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Chief Technical Director in the Ministry of Agriculture and Lands, Don McGlashan, has pledged the Ministry’s commitment to providing safe food and addressing food safety concerns.
“With our private and public sector counterparts, we intend to provide safe food for citizens, visitors and the export market,” he stated at a Food Safety Forum held yesterday (May 2) at the Terra Nova Hotel in Kingston.
Information from the Ministry indicates that Jamaica’s record in food safety is noteworthy. However, in a globalised environment, there are threats from the transmission of food-borne microbial pathogens from developed and developing countries.
Mr. McGlashan pointed out that addressing the gaps in Jamaica’s food safety programme is of utmost importance if the country is to be well informed and updated on current issues, concerns and requirements in the sector.
Some of the gaps he highlighted were: participation in international forums; administration of, and compliance with international agreements; capacity building in risk assessment and risk management techniques; legislative overlaps and providing accredited laboratory testing facilities.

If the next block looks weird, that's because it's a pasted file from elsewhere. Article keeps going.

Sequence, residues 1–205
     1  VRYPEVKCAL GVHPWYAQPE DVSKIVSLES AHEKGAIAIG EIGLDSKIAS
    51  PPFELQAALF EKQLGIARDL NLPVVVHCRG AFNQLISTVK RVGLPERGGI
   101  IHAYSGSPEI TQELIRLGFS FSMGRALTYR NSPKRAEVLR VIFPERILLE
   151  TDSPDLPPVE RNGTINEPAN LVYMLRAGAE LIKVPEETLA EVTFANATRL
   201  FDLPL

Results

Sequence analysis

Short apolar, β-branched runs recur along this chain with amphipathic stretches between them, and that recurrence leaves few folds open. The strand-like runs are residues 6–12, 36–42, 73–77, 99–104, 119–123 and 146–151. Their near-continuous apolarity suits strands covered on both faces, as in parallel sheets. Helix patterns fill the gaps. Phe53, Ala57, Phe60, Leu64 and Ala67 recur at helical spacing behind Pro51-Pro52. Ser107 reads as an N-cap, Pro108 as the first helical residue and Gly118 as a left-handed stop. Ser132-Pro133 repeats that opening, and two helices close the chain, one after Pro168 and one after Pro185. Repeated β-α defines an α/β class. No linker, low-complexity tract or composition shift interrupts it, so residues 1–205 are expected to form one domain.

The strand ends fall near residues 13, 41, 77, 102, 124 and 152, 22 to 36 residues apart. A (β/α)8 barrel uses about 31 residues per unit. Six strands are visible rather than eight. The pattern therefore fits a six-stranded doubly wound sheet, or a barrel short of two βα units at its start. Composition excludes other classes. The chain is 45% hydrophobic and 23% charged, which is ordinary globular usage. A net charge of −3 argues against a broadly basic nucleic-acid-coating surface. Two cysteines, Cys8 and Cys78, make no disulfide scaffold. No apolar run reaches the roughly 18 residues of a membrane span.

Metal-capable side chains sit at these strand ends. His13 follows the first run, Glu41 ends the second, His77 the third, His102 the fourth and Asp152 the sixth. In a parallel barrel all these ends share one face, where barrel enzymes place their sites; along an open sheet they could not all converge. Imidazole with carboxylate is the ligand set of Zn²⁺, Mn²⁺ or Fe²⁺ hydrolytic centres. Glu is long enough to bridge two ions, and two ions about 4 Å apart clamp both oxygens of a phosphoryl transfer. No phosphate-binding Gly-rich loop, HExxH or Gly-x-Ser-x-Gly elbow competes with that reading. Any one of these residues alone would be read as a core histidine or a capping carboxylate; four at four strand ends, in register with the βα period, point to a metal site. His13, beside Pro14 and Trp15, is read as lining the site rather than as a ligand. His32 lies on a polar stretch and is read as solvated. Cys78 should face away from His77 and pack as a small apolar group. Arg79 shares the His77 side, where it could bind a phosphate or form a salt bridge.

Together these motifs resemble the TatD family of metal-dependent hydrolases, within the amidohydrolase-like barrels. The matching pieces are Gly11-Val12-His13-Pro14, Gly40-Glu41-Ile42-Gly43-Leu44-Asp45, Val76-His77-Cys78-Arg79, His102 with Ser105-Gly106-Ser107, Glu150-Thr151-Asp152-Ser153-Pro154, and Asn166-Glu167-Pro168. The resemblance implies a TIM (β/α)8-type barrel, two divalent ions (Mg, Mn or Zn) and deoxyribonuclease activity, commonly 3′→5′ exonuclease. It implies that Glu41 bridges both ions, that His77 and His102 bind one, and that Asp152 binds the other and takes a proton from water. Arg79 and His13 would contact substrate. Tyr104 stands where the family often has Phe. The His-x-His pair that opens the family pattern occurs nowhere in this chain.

“Testing facilities used for food safety analysis must comply with global requirements for international trade, and to achieve this status, considerable work will have to be done to upgrade local testing facilities,” he stated.
He noted further that food safety issues, which are to be implemented, must be supported by appropriate competencies and skills.
Meanwhile, measures have been put in place to address the concerns of the industry, including the signing of a Memorandum of Understanding (MOU) in 2005 to deal with areas such as regulation and inspection of food establishments, inspection of imported food and inspection of food for local consumption and export.
The signatories were the Ministries of Health, and Industry, Technology, Energy and Commerce; the commodity boards and the private sector.
In addition, the Ministry of Agriculture hosts the Animal Health Core Group as a functionary within the Agriculture Support Services Project (ASSP), with the objective of monitoring and reviewing animal health status nationally, regionally and internationally, and to act as an information resource on trade in animals, animal by-products and food-borne diseases and the implications on production systems.
The forum, which was hosted by the Agriculture Ministry under the theme: ‘Food Safety – from farm to fork’, engaged meat producers and processors in discussion on manufacturing practices and food safety standards for the European Union (EU) market.
The stakeholders also used the opportunity to discuss the production environment, plant quarantine and its contribution to food safety, worker health, and the role of the Bureau of Standards in farming and food processing.